In a piece of deregulatory good news, at least 11 states have begun allowing food trucks to operate at rest areas. These actions are included in Americans for Tax Reform’s running list of nationwide deregulatory actions during the COVID-19 pandemic.

Rest areas are typically owned and run by state transportation departments and offer a meek selection of vending machine chips and cookies. Food selections are limited for truckers and families who spend days and nights traveling through the United States. 

During the pandemic, many states have opted to close these rest areas while truckers are expected to work longer hours, carry heavier loads, and do more deliveries. Some states have recognized this problem and opened up rest areas to the private market; namely, they have allowed food trucks to serve motorists at rest areas.

After the Department of Transportation issued a notice to State Departments of Transportation that the agency is suspending enforcement measures under the Federal-aid Highway Program for States that choose to permit commercial food trucks to operate and sell food, at least 11 states followed suit:

Arkansas – Allowing food trucks to operate at rest areas

The Arkansas Department of Transportation (ARDOT) will issue temporary permits for certified food truck operators to serve truckers at two rest stops in the state, according to a release from the Arkansas Trucking Association on Thursday. The move is an effort to ensure greater food options for truck drivers during the month of April so that they have a safe place to eat while carrying essential goods and aid to communities affected by the COVID-19 pandemic.” – KNWA FOX 24 (4/2/2020)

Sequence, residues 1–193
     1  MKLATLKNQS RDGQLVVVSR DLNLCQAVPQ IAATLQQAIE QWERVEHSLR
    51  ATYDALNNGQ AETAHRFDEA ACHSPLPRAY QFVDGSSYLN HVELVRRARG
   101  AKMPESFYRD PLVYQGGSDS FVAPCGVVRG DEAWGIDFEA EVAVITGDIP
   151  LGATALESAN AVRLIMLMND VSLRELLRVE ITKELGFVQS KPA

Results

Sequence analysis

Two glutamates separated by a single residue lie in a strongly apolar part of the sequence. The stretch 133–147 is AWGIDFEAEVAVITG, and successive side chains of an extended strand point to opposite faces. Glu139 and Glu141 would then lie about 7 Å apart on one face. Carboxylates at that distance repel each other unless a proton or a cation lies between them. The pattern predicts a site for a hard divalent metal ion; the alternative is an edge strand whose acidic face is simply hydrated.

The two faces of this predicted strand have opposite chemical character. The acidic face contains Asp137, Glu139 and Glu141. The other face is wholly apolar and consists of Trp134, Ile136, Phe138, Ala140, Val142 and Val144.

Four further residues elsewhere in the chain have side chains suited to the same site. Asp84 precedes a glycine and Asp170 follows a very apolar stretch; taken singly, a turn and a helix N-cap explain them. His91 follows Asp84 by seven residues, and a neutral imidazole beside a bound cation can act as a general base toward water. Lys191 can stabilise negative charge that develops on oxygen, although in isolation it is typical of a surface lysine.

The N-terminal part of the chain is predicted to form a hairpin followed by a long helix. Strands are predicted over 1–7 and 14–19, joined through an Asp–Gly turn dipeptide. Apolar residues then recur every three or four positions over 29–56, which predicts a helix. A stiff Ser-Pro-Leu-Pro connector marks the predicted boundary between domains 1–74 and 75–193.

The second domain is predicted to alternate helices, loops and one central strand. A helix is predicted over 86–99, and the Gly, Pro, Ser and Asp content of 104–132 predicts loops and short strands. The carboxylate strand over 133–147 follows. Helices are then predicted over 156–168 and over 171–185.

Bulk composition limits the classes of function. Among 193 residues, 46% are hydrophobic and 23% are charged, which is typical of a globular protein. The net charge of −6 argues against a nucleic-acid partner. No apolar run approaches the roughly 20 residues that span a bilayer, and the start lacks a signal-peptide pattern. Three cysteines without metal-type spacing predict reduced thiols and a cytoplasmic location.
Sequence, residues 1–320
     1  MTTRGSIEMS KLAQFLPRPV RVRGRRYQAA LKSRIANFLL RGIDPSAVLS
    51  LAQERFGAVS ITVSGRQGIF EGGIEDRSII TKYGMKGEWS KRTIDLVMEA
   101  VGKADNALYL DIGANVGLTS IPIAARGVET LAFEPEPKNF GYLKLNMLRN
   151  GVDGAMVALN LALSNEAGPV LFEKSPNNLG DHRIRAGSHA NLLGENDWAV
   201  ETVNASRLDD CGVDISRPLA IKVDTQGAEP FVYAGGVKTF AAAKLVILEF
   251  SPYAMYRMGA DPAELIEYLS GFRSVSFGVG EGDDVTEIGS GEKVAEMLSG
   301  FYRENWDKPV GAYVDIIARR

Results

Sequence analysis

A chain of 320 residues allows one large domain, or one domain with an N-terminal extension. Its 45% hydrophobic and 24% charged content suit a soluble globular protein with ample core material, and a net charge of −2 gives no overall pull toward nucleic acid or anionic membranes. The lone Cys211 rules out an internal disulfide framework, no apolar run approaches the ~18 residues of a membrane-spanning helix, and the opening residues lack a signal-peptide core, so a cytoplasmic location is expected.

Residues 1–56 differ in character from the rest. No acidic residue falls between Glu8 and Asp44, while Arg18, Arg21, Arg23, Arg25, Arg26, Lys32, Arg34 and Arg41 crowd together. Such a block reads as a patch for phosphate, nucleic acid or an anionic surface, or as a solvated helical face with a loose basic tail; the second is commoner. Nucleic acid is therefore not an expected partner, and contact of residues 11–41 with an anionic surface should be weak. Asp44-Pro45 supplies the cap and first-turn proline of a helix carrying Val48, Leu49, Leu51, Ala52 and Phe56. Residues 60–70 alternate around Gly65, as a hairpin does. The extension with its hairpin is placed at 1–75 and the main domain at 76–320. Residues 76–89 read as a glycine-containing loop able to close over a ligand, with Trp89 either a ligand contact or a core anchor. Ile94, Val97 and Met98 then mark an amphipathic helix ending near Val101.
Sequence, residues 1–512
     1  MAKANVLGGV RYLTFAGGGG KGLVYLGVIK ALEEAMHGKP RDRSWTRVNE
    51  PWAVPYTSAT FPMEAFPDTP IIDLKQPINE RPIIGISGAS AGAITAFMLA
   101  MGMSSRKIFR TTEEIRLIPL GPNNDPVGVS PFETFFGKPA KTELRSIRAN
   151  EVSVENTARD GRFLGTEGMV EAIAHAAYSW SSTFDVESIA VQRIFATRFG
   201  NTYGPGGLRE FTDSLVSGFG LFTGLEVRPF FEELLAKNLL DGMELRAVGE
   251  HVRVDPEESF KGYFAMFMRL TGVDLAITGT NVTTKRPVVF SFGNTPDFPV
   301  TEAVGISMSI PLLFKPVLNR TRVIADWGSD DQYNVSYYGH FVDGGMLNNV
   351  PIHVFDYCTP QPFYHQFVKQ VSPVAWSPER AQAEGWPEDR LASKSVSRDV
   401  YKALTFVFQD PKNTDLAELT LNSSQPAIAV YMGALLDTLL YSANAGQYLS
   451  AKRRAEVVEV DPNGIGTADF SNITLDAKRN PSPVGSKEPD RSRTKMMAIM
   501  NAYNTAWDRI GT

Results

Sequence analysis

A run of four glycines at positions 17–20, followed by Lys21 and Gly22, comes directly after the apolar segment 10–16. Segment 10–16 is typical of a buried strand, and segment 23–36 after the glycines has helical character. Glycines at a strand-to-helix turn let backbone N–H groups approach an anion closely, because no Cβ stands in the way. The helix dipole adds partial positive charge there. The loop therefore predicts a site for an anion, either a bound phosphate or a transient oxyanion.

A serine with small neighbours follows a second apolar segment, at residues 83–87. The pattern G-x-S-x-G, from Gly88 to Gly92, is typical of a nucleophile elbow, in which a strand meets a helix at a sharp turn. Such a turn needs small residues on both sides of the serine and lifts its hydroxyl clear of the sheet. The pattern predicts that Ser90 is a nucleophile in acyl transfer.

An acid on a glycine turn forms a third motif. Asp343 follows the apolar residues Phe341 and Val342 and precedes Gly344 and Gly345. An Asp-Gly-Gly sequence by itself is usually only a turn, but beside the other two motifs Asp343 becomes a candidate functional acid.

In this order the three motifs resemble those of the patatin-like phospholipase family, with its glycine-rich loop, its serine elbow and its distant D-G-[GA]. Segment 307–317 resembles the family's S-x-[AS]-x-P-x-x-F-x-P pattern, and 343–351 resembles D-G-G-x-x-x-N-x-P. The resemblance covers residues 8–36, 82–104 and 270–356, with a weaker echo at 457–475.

Florida – Allowing food trucks to operate at rest areas

Florida will now allow food trucks to operate at select rest stops, after a Channel 3 investigation found that the state was behind on a national effort to keep truckers fed and on schedule during this coronavirus pandemic.” – Channel 3 WEAR TV (4/8/2020)

Indiana – Allowing food trucks to operate at rest areas

INDOT has launched a program to allow licensed food truck drivers and vendors to set up at a rest area throughout the state,” said Debbie Calder. She is the Communications Director for the Indiana Department of Transportation. It’s a temporary program that will help essential travelers who are dealing with a limited availability of food due to COVID-19 restaurant restrictions.” – WLFI News 18 (4/9/2020)

Ohio – Allowing food trucks to operate at rest areas

To address one of the biggest challenges truck drivers face, access to a hot meal, the Ohio Department of Transportation (ODOT) is temporarily opening the state’s 86 rest areas to food trucks. “Truck drivers are the lifeblood of the economy and their jobs have never been more critical than now,” said Governor Mike DeWine. “I’ve heard from many in the trucking industry that finding a place to eat while they’re on the road has been tough, but we’re here to help.”” Ohio Department of Transportation (4/10/2020)

Connecticut – Allowing food trucks to operate at rest areas

The Connecticut Department of Transportation (CTDOT) today announced that food trucks will be permitted to set up in several rest areas along Connecticut highways, with the goal of feeding hungry truckers and other essential workers during the COVID-19 pandemic. The action is the result of an Executive Order issued today by Governor Ned Lamont, lifting restrictions on commercial activity in highway rest areas.” – Connecticut Department of Transportation (4/10/2020)